"It's not fair," Sherlock pouted, crossing his arms like a petulant child.
John took a deep breath before tackling that problem. "No, Sherlock, life isn't fair. Surely you've figured that out by now though."
Sherlock only sighed dramatically at him, still obviously grumpy. "Still."
"Sherlock, you know why you can't drive. And you've never wanted to before, so why now?"
Sherlock scowled. "Because Mycroft said I couldn't."
John gaped at him. "Seriously? You only want to drive to spite your brother?"
Sherlock raised an eyebrow. "You're really finding it that hard to believe?"
"No," John admitted. "But still. You know why you can't drive. Even with Gladstone, the seizures are too much of a risk. Besides, since when do we do any of our own driving?"
John gestured to the cab they were sitting in.
"It's the principle of it," Sherlock grumbled.
John was still shaking his head moments later when Sherlock billowed out of the cab and into 221 Baker Street, Gladstone trailing on his heels, leaving John to pay the bill.
"Thanks mate," the cabbie said as John handed him the cash. He'd driven them before. There were only so many cabbies who were still willing to pick up Sherlock and his dog.
John nodded and followed Sherlock upstairs. By the time John reached the top, Sherlock had thrown himself on the couch (dramatically, no doubt) and was sulking.
"What's this about?" John asked, holding his hands out, gesturing at the scene in front of him.
Gladstone answered for him, whining and pawing at Sherlock's hand that was hanging off the side.
"Right," John declared. "To bed with you."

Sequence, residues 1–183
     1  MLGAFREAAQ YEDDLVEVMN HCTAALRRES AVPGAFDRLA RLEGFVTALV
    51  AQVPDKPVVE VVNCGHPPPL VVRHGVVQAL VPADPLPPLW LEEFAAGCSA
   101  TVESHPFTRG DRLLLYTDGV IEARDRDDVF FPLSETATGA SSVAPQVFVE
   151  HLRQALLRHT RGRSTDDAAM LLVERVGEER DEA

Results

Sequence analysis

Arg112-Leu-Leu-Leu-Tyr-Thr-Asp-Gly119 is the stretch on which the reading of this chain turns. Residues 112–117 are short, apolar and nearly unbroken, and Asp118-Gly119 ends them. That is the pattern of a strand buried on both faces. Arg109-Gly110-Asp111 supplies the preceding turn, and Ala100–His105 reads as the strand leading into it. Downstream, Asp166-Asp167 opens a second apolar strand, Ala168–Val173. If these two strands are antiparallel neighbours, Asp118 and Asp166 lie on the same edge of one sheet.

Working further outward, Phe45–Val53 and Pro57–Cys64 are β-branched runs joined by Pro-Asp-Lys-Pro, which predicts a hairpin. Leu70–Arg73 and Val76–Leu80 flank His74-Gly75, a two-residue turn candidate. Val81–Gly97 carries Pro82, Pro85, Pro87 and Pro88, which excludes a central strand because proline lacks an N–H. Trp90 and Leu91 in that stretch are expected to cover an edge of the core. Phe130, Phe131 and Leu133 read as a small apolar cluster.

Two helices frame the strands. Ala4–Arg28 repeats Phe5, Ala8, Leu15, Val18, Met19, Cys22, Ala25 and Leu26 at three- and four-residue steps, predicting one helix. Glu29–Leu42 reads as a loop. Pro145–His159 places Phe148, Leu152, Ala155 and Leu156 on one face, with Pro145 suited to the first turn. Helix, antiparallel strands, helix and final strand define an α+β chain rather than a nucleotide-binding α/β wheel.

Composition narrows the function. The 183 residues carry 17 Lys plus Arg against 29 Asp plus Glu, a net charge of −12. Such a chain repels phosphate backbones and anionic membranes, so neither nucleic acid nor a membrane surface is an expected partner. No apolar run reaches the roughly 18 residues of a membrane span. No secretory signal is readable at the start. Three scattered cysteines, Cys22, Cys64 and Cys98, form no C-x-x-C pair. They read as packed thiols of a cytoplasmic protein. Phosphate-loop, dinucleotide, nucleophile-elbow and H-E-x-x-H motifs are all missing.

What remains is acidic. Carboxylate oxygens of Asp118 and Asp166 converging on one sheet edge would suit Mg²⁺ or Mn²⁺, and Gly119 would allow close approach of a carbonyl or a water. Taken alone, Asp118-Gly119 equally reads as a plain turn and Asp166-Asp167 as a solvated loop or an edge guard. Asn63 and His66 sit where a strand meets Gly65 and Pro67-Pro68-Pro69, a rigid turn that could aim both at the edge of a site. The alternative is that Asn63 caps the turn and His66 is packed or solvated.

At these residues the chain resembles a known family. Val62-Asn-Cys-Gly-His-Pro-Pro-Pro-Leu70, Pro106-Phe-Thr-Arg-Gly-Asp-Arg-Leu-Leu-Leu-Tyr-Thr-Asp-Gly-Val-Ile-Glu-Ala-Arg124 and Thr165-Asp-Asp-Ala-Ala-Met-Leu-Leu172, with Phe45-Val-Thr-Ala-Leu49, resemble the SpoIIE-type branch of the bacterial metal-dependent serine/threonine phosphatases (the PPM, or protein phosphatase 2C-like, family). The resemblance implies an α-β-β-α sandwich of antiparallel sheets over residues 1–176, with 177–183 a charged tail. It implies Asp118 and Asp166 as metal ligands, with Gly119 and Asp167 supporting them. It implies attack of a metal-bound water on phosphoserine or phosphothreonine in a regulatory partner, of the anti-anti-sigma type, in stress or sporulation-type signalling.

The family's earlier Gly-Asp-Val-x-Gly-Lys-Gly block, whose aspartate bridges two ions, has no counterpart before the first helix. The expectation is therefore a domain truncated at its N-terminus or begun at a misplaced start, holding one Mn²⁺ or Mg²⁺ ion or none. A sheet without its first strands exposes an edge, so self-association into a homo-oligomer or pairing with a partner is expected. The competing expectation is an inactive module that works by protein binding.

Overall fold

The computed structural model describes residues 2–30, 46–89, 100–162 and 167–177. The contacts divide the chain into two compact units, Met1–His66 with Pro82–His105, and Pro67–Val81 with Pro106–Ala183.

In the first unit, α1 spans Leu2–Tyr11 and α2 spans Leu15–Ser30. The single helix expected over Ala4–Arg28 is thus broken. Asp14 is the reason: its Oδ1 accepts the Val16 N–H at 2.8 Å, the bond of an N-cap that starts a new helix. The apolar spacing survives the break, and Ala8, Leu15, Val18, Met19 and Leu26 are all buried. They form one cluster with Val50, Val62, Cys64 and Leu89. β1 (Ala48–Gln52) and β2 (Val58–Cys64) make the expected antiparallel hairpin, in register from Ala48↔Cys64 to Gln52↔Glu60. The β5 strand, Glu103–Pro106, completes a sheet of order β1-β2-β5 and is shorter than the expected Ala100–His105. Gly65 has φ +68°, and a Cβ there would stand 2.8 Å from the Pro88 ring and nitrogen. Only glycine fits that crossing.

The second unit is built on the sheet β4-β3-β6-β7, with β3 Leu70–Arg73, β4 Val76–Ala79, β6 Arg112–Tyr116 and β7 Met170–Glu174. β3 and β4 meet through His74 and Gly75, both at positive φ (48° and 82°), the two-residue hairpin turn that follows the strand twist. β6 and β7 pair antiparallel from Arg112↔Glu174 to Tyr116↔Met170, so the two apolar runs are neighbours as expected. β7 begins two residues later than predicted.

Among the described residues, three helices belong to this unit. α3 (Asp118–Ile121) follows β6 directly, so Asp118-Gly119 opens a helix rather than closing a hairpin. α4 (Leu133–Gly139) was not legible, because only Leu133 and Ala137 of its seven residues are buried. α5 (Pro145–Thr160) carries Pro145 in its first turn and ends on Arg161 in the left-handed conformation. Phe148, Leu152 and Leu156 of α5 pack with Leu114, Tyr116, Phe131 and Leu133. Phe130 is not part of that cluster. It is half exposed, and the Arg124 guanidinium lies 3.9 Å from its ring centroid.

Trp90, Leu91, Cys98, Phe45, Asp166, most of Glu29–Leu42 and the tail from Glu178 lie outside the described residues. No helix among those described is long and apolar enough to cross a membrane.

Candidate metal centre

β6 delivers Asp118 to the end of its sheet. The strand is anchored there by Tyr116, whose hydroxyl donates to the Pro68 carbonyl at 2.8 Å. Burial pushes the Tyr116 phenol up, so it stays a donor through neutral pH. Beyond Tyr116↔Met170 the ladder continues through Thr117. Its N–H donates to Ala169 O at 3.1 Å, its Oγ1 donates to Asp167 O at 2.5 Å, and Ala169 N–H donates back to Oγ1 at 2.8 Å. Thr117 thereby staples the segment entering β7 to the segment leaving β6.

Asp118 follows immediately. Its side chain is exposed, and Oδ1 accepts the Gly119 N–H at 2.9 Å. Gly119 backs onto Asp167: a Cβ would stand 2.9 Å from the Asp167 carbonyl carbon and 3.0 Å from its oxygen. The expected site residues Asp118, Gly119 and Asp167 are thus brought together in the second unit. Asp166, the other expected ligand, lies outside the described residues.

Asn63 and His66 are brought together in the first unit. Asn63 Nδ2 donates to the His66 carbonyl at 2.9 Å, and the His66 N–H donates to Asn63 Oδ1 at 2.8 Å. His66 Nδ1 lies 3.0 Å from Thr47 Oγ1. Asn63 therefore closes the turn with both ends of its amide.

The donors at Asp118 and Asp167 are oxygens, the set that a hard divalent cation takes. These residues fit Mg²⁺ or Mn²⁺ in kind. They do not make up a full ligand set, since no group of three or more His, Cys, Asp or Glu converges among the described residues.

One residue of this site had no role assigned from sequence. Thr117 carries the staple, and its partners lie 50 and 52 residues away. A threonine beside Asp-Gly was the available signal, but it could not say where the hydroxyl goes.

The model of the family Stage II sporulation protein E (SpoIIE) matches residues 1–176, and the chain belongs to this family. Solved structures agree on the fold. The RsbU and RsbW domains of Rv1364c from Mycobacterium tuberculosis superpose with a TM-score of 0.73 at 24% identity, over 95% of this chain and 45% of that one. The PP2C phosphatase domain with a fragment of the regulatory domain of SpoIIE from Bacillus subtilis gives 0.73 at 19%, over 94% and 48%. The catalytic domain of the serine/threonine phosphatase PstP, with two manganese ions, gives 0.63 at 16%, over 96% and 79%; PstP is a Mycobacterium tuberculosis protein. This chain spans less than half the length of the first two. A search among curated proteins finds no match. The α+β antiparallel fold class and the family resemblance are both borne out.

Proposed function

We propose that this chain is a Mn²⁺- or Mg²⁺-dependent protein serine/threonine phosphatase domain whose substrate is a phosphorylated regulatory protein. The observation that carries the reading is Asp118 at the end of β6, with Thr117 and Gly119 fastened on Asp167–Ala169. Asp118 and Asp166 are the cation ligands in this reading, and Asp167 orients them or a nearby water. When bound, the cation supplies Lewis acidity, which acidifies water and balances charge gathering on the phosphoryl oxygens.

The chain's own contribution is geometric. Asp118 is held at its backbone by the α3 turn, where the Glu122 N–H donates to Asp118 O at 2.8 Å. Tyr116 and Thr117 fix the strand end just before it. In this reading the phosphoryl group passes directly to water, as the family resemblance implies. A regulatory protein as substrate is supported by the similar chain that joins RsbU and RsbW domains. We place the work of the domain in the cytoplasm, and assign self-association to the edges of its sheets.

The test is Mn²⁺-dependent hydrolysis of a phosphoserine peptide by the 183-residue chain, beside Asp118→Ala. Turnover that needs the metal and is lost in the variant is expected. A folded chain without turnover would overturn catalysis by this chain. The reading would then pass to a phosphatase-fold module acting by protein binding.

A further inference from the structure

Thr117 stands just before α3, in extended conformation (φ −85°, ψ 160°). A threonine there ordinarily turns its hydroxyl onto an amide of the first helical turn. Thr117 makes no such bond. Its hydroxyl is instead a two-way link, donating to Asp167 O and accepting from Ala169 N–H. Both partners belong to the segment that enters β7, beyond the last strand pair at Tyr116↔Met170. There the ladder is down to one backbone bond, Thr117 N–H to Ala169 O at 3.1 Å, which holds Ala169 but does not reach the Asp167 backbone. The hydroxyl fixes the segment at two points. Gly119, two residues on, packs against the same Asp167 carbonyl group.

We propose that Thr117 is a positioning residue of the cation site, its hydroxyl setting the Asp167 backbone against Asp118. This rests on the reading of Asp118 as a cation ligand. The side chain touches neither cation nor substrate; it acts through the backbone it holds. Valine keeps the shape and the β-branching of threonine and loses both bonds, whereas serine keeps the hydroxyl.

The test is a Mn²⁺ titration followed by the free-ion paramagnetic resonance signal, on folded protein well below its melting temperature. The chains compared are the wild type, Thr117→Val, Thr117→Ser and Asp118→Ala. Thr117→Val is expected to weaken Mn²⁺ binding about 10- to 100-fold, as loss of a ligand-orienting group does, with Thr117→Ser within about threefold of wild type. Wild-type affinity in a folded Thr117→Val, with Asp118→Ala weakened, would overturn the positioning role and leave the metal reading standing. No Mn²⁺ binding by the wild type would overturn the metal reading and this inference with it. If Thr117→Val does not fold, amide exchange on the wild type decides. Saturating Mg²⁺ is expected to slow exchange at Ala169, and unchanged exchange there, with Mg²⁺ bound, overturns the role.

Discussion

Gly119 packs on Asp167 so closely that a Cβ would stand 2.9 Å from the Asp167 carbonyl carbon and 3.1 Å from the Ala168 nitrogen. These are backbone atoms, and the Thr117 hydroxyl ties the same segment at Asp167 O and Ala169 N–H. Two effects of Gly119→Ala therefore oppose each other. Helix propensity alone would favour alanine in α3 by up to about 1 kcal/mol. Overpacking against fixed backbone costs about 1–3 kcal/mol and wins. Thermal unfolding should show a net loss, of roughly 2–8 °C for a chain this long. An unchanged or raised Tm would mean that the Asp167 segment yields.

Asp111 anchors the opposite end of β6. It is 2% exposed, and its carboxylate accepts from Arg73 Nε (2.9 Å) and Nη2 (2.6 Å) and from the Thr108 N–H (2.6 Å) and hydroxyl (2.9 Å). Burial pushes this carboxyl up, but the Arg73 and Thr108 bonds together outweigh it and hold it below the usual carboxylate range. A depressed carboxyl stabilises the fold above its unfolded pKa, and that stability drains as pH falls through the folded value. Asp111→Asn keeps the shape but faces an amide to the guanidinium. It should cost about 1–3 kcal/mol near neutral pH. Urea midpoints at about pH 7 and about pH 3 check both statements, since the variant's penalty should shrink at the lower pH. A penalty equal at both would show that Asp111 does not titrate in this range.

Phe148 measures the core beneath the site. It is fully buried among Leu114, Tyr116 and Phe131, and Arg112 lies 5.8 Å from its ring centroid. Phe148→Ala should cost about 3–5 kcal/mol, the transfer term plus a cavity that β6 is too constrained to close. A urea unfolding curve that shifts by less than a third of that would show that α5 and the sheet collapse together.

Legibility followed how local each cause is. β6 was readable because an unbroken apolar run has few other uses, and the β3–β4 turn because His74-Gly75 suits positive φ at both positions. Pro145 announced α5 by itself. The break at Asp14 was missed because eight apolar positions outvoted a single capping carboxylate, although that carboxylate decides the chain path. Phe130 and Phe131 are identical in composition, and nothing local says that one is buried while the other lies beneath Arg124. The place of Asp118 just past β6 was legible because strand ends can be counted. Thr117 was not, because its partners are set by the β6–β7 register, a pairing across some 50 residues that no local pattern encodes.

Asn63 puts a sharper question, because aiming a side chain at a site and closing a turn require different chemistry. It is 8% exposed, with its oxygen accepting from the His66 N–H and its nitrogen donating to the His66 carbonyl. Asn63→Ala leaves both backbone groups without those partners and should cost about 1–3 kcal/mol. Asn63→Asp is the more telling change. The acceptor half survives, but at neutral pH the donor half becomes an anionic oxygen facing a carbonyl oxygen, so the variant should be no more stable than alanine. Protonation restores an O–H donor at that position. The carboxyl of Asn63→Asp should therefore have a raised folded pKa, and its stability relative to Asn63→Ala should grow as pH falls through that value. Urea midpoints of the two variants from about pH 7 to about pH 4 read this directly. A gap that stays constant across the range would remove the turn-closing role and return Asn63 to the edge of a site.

Sherlock gave John a death glare, but still got up, making a short stop in the bathroom before slamming his door behind him and Gladstone, safely tucked away.
John sighed. Sherlock hadn't had a seizure for eight days, so one was sure to pop up sooner or later, but with every day that passed, John knew that Sherlock had hope that maybe it wouldn't be that day. And that maybe, he could just keep counting until he forgot what number he was at. John dreamed of those days.
John had occupied himself with typing up the details of the most recent case, and had published it. Sherlock still hadn't emerged from his room after half an hour, but he'd likely fallen asleep. Gladstone hadn't been whining at the door to get out, so John wasn't concerned.
He put the kettle on and tried to find a clean mug, something that was often quite a challenge, despite repeatedly telling Sherlock that mugs were not to be used as lab equipment. He'd had to settle for washing one when he heard the door to their flat open.
"D'you want some tea Mrs Hudson?" he called, not bothering to look over his shoulder. On Tuesdays Mrs Hudson went over to Mrs Turner's for their weekly gossip, and would often come back to have tea with John, sharing all the ridiculous things she'd heard.
But she didn't respond, and when John turned around to ask her again, he was rewarded with a quick blow to the head.